# Homework Help: 5 degree equation contains imaginary value?

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1. Jun 20, 2017

### Helly123

1. The problem statement, all variables and given/known data

2. Relevant equations
polynomial equation $$(a+b)^2 = \sum_{k=0}^{n} \binom nk a^{n-k} b^k$$

3. The attempt at a solution
i get $$\frac {1} {32} + \frac {5} {16}\frac {3^{0.5}i} {2} +\frac {10} {8}\frac {3i^2} {4} + \frac {10} {4}\frac {3^{1.5}i^3} {8} + \frac {5} {2} \frac {9 i^4} {16} + \frac {9.3^{0.5}i^5} {32}$$

and it didn't work out. can anyone show me other way to solve it?

2. Jun 20, 2017

### Buffu

Are you allowed to use polar form ?

3. Jun 20, 2017

### Staff: Mentor

I didn't verify your work above, but you should replace i^2 by -1, and i^3 by -i, and so on.

This problem is much easier if you use @Buffu's suggestion, assuming you know about polar form for complex numbers.

BTW, your "relevant equation" isn't relevant, as it's wrong. With an exponent of 2 on the left side, the summation should be $\sum_{k=0}^2 \binom 2 k a^{2-k} b^k$.

4. Jun 20, 2017

### Helly123

why should I replace that? i^2 = -1 ? i^3 = -i? why?

yes, what exactly the purpose of using polar form?
w = 1/2 + ( (root3) / 2) i
r = 1, tetha = 60degrees??

5. Jun 20, 2017

### Staff: Mentor

Because by doing this you can reduce the 6 terms you showed to only 2 terms.
Multiplication of complex numbers is much easier in polar form. If $z_1 = r_1e^{i\theta_1}$ and $z_2 = r_2e^{i\theta_2}$, then $z_1z_2= r_1r_2e^{i(\theta_1 + \theta_2)}$

By the way, this Greek letter -- $\theta$ -- is theta, not tetha.

6. Jun 20, 2017

### Helly123

i see..
replacing that not changing the value, so i^2 equal to -1 ?
i^3 equal to -i? what theory is used?
so i^4 = (i^2)^2 = (-1)^2 = 1?
i^5 = i^4 . i = i

7. Jun 20, 2017

### Staff: Mentor

Yes to all. $i^2 = -1$ by definition. $i^3 = i^2 i = -1 i = -i$, and so on.

8. Jun 20, 2017

### Helly123

I got the answer, by using conventional method. I would like to know how polar form can solve this problem... @Buffu
@Mark44 do you know how too?

9. Jun 20, 2017

### Staff: Mentor

Leaving the complex number in Cartesian (or rectangular) form will work, but it takes more work.

In polar form $\omega = \frac 1 2 + \frac {\sqrt 3} 2 i = e^{i \pi/3}$. Note that because $|\omega| = 1$ the r factor in the polar form is just 1, and I don't show it.
$\omega^5 = 1^5 e^{i5 \pi/3}$, which represents a complex number whose angle is $5\pi/3$ and whose magnitude is (still) 1.This exponential polar form can be converted into trig polar form, because $e^{i\theta} = \cos(\theta) + i\sin(\theta)$, due to Euler's Formula.

So all you have to do for this problem is to evaluate $\cos(5\pi/3)$ and $\sin(5\pi/3)$.

10. Jun 20, 2017

### mjc123

z = re = r(cosθ + i*sinθ). In this case r = 1 and θ = π/3
z5 = r5ei5θ = ei5π/3 = e-iπ/3 = 1/2 - i√3/2

11. Jun 20, 2017

### Buffu

I think you should have used $\omega^3 = -1$, then you only need to evaluate $\omega^2$ which is easier .

Last edited: Jun 20, 2017
12. Jun 20, 2017

### Helly123

How w = 1? Isnt w^2 = -1 by definition?

13. Jun 20, 2017

### Buffu

14. Jun 20, 2017

### Helly123

15. Jun 20, 2017

### Buffu

No I mean $\omega^3 = -1 \implies (-\omega)^3 = 1$. Look at the link in my previous you can see three cube roots of $1$.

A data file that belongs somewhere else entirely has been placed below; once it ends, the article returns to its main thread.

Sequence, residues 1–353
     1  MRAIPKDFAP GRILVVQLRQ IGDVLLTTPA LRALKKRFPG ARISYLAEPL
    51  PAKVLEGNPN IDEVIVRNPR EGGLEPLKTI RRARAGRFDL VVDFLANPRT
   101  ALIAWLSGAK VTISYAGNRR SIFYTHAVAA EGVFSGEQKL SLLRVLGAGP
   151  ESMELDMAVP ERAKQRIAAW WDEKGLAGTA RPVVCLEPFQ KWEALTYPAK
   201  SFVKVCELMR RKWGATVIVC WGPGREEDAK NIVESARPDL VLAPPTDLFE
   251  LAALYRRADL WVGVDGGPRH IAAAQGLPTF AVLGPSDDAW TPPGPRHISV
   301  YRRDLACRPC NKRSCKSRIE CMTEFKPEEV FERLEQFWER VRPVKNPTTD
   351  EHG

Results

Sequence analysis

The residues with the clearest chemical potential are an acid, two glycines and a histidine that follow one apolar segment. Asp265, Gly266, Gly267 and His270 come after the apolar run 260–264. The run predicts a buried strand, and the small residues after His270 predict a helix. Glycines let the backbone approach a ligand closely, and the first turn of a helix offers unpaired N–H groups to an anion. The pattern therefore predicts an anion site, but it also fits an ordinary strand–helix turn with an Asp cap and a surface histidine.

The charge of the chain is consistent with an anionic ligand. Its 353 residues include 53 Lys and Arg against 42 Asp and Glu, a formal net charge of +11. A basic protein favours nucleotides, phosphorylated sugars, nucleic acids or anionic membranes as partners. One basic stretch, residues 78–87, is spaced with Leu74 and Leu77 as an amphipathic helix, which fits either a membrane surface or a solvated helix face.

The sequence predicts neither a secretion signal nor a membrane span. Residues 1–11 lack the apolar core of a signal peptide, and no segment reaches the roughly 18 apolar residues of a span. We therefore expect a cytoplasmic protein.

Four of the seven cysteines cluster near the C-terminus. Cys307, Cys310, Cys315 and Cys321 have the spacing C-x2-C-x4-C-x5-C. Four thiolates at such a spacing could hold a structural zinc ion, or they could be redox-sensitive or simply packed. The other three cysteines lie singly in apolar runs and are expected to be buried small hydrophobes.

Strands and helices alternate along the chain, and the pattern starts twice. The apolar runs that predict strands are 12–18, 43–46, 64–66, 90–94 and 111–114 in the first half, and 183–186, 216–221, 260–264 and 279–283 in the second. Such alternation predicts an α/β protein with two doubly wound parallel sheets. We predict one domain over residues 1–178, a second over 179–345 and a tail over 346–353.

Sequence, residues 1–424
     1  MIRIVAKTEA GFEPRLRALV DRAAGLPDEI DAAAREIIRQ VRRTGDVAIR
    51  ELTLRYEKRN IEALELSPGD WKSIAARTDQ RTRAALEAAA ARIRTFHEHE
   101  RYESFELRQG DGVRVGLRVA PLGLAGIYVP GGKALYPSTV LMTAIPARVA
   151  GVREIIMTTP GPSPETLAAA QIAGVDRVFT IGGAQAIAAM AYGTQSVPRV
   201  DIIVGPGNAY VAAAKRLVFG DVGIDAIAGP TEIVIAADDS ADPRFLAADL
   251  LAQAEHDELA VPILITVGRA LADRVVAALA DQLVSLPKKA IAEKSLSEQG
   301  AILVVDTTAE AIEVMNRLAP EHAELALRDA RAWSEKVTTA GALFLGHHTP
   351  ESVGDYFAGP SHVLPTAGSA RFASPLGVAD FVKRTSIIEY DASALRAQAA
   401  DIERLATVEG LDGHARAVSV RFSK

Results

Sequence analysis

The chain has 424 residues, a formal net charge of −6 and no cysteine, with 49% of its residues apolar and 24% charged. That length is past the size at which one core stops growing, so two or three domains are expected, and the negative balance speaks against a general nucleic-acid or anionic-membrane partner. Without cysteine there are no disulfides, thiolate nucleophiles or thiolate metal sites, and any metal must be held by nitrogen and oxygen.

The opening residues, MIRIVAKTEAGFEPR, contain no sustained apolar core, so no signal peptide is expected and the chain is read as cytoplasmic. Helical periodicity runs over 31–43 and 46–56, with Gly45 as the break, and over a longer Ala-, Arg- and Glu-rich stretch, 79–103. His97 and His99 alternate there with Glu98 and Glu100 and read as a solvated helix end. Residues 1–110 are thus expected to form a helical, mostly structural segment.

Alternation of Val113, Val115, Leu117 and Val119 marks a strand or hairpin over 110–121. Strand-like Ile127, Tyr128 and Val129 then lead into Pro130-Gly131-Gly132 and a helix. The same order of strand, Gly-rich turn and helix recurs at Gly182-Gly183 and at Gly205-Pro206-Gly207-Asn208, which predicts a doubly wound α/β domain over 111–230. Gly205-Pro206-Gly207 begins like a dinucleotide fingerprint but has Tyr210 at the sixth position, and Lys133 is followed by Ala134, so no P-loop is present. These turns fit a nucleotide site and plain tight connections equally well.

16. Jun 20, 2017

### Helly123

Hmm on the link i saw the property is w^3 = 1
W^5 = w^2
W^5 = 1 + root3 i + 3/4 i^2
While i^2 = -1
= 1 + root3 i - 3/4
= -1/4 + 4root 3 i / 4

It didnt work out.
If w^3 = -1
Then w^5 = 1/4 - 4root 3 i/4

17. Jun 20, 2017

### Helly123

How can ei5π/3 = e-iπ/3 ? @mjc123

18. Jun 20, 2017

### Buffu

In that page $\omega^\prime = \dfrac{- 1 \pm \sqrt{3} i}{2}, 1$ whereas here $\omega =\dfrac{+1 + \sqrt{3} i}{2} = -\dfrac{1 + \sqrt{3} i}{2} = -\omega^\prime$.

$\exp(5i\pi/3) = \cos 5\pi/3 + i \sin 5\pi/3 = 1/2 + -\sqrt{3}i/2 = \exp(-\pi i/3)$

19. Jun 21, 2017

### mjc123

Adding a multiple of 2π to the angle brings you back to the same point. So e = ei(θ+2nπ)
So ei5π/3 = ei(5π/3 -2π) = e-iπ/3. Draw the Argand diagram to see this.

20. Jun 21, 2017

### Helly123

why do I have to do it? If it's still theta?

21. Jun 21, 2017

### Staff: Mentor

You're missing the point -- it's not "still theta." $-\pi/3$ and $5\pi/3$ are different angles but $e^{-i\pi/3}$ and $e^{i5\pi/3}$ represent the same complex numbers, with terminal points at the same location on the unit circle. Drawing the Argand diagram, as @mjc123 suggests, makes this clear. So no, you don't have to do this, but doing so can help you understand it better.

To my way of thinking, any time you can combine both an algebraic explanation with drawing, it makes things more understandable.

22. Jun 23, 2017

### Helly123

how if my theory is like this
 e^{5phi/3} = e^{300degrees} = e^{360-300} = e^{60} = cos 60 + i sin 60 = 1/2 - i root3/2 ??

23. Jun 23, 2017

### Ray Vickson

You cannot possibly mean what you wrote: $e^{60}$, which is about $1.142 \times 10^{26}$, and this is not even close to $1/2 - i \sqrt{3}/2$.

Last edited: Jun 23, 2017
24. Jun 23, 2017

### mjc123

You've missed out the i and written phi for pi, but
ei5π/3 = ei*300° = ei*(300°-360°) = ei(-60°) = cos(-60°) + i sin (-60°) = cos 60° - i sin 60°C = 1/2 - i√3/2
It's 300 - 360, not 360 - 300. You can add (or subtract) any whole multiple of 360° to your original angle, and get the same angle.

25. Jul 2, 2017

### Helly123

Why 300-360, not 360-300 ?